Three 13-year-old N.L. boys had horrible week at Manitoba Tim Hortons camp facility
Brady, Brody and Nathan all attended a Tim Hortons camp in Nova Scotia last year, and described it as the trip of a lifetime.
“He didn’t want to come home last summer,” said Nathan’s mother, Debora Downton. “He said 10 days wasn’t long enough.”
All three boys were counting down the days until their trip to Whiteshell, Man., for their second Tim Hortons camp experience.
“Everything on the website looked exactly like the Nova Scotia camp last year,” said Brady. “I was so excited.”
But for all three boys, this trip was a nightmare right from the beginning.
“The night the children arrived at camp, the parents were supposed to receive a phone call stating their child arrived safe and sound,” said mother Latonna Rogers. “I called 10 times and emailed twice before I finally got an answer the next morning. What a horrible night I spent worrying and fretting about my child.”
The itinerary stated that all meals and snacks would be provided for the children. When the children returned home, the parents learned they went 11 hours with no food while travelling.
The showers were ice cold, the children were bullied and one even left to sleep alone in a tent on an overnight trip.
But for Rogers, her biggest fear came true when Brady returned home.
“My son takes medication three times a day for a chromosome disorder he has,” Rogers said. “I sent him with 40 pills and 20 allergy pills. He came home with all of them.”
Rogers told SaltWire Network that, like any boy with ADHD tendencies, her son has to be constantly reminded to take his medication. The councillors at the camp failed to administer his medication, she said.
Jody Clarke said that when her son, Brody, arrived home, he was covered in bug bites and scratches, and had something mysterious under his skin.
“I was putting lotion on his bites, and then I saw a tick under his skin,” Clarke said.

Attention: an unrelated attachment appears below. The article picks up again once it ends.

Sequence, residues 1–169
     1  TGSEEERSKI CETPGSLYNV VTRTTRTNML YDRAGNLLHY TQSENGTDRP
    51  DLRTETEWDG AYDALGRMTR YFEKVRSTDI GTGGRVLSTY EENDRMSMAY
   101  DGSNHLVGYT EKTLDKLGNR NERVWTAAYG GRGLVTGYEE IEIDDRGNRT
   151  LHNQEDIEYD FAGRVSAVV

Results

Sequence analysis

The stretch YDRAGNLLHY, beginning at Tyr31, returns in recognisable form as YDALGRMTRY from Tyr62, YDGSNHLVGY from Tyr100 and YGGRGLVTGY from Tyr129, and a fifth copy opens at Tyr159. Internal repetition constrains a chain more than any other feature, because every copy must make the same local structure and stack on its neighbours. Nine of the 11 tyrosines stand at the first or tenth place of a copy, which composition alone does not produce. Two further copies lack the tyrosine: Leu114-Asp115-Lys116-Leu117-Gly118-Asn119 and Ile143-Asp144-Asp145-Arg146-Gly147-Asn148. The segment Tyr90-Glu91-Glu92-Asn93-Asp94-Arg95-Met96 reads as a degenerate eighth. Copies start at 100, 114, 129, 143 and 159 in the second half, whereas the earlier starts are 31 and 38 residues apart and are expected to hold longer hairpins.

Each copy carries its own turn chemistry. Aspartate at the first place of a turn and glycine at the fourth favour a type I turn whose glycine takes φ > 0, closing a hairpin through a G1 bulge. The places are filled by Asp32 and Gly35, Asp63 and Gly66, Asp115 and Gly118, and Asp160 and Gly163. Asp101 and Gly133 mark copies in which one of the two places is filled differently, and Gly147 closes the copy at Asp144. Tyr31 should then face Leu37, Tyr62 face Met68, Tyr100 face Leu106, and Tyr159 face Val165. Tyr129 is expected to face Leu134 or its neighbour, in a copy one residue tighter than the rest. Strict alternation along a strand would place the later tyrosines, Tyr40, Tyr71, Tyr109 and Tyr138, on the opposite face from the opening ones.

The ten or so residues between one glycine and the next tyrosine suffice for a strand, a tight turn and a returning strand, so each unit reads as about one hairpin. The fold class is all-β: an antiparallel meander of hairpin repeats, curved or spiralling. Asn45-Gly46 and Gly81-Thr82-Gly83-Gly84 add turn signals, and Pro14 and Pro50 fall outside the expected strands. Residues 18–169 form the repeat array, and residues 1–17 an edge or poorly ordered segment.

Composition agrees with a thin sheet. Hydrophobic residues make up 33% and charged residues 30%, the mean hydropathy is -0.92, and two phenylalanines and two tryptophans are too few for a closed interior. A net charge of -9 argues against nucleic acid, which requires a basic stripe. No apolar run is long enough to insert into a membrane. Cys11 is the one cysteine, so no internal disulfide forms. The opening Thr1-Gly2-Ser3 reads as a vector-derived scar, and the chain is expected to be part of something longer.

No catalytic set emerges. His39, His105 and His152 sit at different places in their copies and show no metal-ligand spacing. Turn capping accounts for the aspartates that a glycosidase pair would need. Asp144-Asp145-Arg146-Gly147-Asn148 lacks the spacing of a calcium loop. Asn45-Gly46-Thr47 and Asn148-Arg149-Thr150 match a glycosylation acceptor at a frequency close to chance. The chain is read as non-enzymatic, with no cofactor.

Clarke went to the hospital and was told to keep an eye on her son for the next 7 to 14 days to ensure he doesn’t develop any symptoms.
The parents say they weren’t informed about how to properly manage ticks if their children came home with them.
“When my son asked for sunscreen or bug repellent, he was told there was none,” Rogers said. “His body is covered in bites, scabs, welts and rashes.”
The children were told that the red and brown ticks are OK, but if a black tick gets under their skin they must go to the wellness cabin.
“In one bunk house, were more ticks than Brady said.
Debora Downton’s Nathan, lasted a mere days at the camp.
“He flew by himself one way to the camp,” Downton said. “He was comfortable doing that, knowing that a councillor would be there to pick him up at the gate.”
But there was no councillor there when Nathan arrived, and he began to panic and called his mom.
It took 45 minutes before anyone reached Nathan.
For the next three days, Nathan experienced bullying and teasing, and begged to go home.
“He really didn’t seem like himself,” Downton said. “That’s when I realized that he hadn’t been given any of his medication while at camp.”
Things took another turn for the worse when Nathan arrived home without a life-ordeath item. there kids,”
“He travelled all the way home without his Epipen,” Downton said. “He has a severe allergy to tree nuts. He could have died.”
Downton got the Epipen back only a couple of days ago.
To end the trip, Brady said he was jolted awake at 2 a.m. to be informed that his flight had been changed, and he had to leave right away.
“The wrong children were put on the wrong flights,” Rogers said. “I was informed at 2 p.m. of this change. Luckily, I don’t live far from the airport, but other parents weren’t so lucky.”
All three boys told SaltWire Network they were offered trips to go back to the Nova Scotia camp, but they are uninterested.
SaltWire Network contacted Tim Hortons head office in Ontario, but the company did not respond to a request for comment.